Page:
Tuesday, March 04, 2008

Surfing the Bridal Wave

this photo of pro surfer Quincy Adams by Hankins

My friend M texted me the other day asking if we could meet up so she could give me the invite to our blockmate K's wedding, set for the end of the month. Confused by her message, since as far as I knew only our other blockmate R had plans of getting married this March, I called her up to check if she had gotten her text wrong. Nothing wrong about it - K was definitely getting hitched the week after R. K's will be the fourth wedding I will be attending in as many months. I have at least two more weddings lined up for this year after hers.

It looks like this is going to be my year to ride the Bridal Wave.

"Bridal Wave" is a term coined by authors Erin Torneo and Valerie Cabrera Krause for that period of time in every woman's life when everyone she knows and their cousin are all getting married. The romantic comedy 27 Dresses gives us a charming if cliched and exaggerated view of this particular phenomenon. While in real life, it's hard to believe anyone can be a bridesmaid 27 times in 27 different weddings, the phenomenon of all your friends settling down one after another in a short period of time is a very real thing. It's the domino effect - once one domino standing on end tips over, the rest quickly follow.

My personal Bridal Wave isn't even that huge by my friend, E's, standards. A lawyer by trade and a decided quirkyalone by choice, there was a month last year when she had a wedding to attend EVERY WEEKEND. She goes to a wedding at least once a month these days. I attribute my low wedding count so far to the fact that most of my friends are doctors, which means: a) most have postponed their marriage plans to after they have finished their training, or b) they are all prisoners of the hospital, with no social life, and are all decidedly single. (To our collective dismay, a good majority of my girl friends fall under choice B.)

I won't lie... being a well-socialized little girl, I grew up with the notion that I would accomplish the following in this order: finish school, become a kick-ass doctor or lawyer (I wasn't sure yet which at the time), then get married, have a family. Being a voracious reader of everything, I was addicted to romance novels for a pretty long while; and to this day, my movie-watching palate gets its regular doses of sweetness from the undying romantic comedy genre. I grew up believing that everybody gets to marry her prince - even if he used to be a frog - and have their own version of happily ever after.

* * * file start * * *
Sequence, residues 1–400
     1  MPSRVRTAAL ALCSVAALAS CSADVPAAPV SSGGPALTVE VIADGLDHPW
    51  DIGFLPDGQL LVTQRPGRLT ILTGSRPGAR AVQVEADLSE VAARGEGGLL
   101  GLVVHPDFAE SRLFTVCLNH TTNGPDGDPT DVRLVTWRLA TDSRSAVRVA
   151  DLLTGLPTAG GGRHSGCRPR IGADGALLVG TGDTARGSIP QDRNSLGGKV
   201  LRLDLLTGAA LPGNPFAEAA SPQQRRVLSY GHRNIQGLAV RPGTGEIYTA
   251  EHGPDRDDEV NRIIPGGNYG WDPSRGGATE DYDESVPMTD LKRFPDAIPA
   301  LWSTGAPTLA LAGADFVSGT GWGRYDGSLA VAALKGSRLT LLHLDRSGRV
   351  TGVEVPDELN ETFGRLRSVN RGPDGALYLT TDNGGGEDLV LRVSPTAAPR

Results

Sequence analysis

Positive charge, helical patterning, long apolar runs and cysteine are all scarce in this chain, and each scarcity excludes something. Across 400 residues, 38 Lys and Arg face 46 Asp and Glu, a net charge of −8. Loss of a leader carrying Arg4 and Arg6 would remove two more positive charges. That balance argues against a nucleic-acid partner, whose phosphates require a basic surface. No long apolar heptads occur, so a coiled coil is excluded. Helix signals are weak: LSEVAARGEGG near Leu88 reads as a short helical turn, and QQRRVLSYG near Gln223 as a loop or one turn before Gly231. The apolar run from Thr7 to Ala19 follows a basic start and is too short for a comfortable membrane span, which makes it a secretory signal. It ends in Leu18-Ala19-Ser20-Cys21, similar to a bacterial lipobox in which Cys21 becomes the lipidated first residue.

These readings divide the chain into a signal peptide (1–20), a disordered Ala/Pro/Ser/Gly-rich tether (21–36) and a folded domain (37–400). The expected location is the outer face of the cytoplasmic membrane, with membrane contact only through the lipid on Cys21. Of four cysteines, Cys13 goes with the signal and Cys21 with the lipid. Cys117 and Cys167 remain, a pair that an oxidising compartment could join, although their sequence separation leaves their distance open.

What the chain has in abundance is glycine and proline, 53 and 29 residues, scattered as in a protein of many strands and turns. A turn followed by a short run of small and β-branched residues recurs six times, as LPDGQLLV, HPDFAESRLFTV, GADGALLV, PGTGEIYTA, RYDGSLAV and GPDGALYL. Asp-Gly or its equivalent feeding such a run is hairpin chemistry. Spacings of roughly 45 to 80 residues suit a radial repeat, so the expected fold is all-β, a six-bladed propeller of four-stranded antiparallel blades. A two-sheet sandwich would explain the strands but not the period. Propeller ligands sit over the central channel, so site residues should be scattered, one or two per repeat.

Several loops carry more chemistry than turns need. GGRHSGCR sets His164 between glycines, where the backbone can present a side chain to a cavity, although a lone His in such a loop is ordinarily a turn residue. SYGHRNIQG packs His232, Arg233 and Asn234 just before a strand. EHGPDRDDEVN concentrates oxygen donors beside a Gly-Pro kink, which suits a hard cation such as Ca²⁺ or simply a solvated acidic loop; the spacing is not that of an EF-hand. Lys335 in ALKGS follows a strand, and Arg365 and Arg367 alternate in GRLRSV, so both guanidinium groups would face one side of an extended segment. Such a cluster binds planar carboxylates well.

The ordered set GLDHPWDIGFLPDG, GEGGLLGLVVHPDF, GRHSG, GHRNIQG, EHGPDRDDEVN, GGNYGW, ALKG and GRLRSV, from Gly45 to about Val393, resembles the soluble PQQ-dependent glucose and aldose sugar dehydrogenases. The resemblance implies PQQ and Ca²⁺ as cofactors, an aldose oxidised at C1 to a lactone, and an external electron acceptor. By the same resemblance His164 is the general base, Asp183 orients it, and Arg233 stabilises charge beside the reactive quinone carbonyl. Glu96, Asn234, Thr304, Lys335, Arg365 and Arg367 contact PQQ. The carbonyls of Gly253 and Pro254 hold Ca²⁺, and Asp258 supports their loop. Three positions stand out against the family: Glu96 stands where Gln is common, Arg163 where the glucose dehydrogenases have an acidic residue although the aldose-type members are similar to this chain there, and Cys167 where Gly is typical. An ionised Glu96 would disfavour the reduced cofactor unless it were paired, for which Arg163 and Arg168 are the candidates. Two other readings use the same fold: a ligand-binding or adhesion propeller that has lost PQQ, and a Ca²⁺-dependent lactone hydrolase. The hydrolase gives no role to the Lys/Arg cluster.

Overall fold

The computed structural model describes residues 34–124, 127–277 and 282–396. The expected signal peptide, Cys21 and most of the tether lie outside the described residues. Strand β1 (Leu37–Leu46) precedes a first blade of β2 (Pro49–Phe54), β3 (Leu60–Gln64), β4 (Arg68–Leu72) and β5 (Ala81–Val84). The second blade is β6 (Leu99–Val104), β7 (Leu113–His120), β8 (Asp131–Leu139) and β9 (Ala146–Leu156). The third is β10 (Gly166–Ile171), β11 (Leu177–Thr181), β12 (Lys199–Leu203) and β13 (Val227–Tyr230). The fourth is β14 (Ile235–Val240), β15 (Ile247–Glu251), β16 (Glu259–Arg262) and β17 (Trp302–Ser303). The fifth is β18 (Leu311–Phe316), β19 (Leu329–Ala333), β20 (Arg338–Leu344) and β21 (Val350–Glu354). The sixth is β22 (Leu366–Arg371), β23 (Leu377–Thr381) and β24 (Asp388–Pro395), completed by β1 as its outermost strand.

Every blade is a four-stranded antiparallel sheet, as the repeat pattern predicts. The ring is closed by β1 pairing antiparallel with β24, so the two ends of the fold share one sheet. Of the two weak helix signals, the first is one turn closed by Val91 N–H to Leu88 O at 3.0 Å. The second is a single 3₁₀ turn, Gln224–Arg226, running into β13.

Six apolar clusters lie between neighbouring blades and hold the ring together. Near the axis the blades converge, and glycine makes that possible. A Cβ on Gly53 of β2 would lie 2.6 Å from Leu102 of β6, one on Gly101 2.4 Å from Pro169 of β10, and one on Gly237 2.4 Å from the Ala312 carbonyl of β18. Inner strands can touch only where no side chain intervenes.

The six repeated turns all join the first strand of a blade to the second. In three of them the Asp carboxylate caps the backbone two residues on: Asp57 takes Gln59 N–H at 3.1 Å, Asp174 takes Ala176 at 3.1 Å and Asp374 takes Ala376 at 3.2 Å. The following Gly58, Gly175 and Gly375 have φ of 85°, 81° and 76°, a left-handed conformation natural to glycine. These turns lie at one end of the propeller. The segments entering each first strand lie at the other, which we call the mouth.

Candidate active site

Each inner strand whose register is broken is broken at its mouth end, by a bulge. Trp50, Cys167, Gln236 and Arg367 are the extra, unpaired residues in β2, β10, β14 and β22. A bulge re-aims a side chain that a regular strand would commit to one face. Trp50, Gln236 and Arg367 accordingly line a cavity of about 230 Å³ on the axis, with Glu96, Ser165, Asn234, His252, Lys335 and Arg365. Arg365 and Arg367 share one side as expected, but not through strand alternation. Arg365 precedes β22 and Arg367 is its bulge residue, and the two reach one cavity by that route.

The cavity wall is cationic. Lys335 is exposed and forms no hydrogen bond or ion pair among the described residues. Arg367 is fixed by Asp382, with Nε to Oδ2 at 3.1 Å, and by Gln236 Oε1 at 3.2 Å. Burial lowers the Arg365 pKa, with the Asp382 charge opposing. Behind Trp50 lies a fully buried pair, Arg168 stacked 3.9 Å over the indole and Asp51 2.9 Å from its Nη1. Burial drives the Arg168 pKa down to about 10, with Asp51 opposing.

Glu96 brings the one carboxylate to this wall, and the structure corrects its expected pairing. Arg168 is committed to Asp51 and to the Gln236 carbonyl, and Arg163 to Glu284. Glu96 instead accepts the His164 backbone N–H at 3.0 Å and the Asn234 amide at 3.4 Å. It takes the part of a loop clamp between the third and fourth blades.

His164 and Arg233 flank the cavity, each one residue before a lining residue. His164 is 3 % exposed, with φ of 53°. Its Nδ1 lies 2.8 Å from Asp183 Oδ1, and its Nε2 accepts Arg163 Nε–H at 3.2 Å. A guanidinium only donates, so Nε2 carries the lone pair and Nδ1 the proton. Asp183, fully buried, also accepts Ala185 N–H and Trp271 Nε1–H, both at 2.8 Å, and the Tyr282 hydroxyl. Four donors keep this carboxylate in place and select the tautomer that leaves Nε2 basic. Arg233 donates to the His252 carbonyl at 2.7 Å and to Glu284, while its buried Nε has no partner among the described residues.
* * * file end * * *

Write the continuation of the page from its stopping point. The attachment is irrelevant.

Alas, as I grew older, I realized that Real Life seldom goes by way of Fairy Tale. In the real world, we can't all be princesses. Not every girl will get the guy of her dreams, even if she kisses a hundred frogs in the process. Sometimes, in some things, you'll always find yourself on the outside looking in. Former romantics make the worst cynics, and I was no exception. For a long time, I lived miserably in the bitter barn - until I finally made the decision to put my fairy tale dreams away for new ones and realized that even alone, I could make my own happy endings happen, with or without my frog prince.

Nonetheless, the onslaught of the Bridal Wave can sometimes make it hard to be among the last ones standing. It's a battle some days to keep from wallowing in the old negative vibe of the bitter barn when I'm bombarded with reminders that I'm being left behind. Thankfully, my friends and I, who are all swimming in the same wedding-tossed sea, have formed into a tightly-knit support group. No one is allowed to wallow for very long - and anyone who shows signs of doing so is given a strong kick in the ass to remind her that she's worth a hell of a lot more than the lack of a ring on her finger. We help each other keep our lives in perspective - and from jumping off the deep end.

No matter how full and how happy life is as a footloose and fancy-free single girl, I can't help but feel a bit wistful and hope that, despite the odds, I'll know what it's like to have someone waiting for me at the end of the aisle someday. But I'm working on embracing the fact that should that day ever come, it's only to be another drop in the full cup of a life well lived. As my life is slowly opening up more every day, I'm coming to believe that's true.

So I'm clambering up my quirkyalone surf board and paddling out to meet the Bridal Wave as it comes. It's bound to be rough going at first, but I'm crossing my fingers that with the right attitude and a lot of positive support, I'm going to weather it with my heart whole.


Manggy said...

Hi Ma'am! I haven't yet experienced the wave, maybe my time will come three years from now just like yours. But I've only attended one of my friend's weddings-- Tinggoy's.

Em Dy said...

What you said about the bridal wave and our circle is true. Because most of us have set goals in mind and seem to be still in school majority of our lives, the pressure on us is not as much as on our contemporaries in other fields.

Lincoln said...

Oh dear God you've been attending weddings????

Well good thing is these weddigns tend to have a high concentration of single guys, soooooooo. :-D

dr_clairebear said...

@manggy: i'm sure that three years from now you'll need a datebook to keep track of all of the weddings you will be invited to. 8-)

@em dy: it6 does preserve sanity that a lot of us are still single. :) it's not so overwhelming.

@linc: aah, but this is the Filipino wedding we are talking about. a good majority of the guests are actually friends of the parents of the bride and groom, as well as distant relatives they've hardly talked to, ever!

Your Online Guide said...

Oh... wedding? I love weddings... congratulations to your friends ;D It was a Filipino wedding? I am a filipino ;D

Joey said...

My bridal wave came way before my wedding, so when mine came, my friends were asking if their child could be flower girl/ring bearer. Hehehe.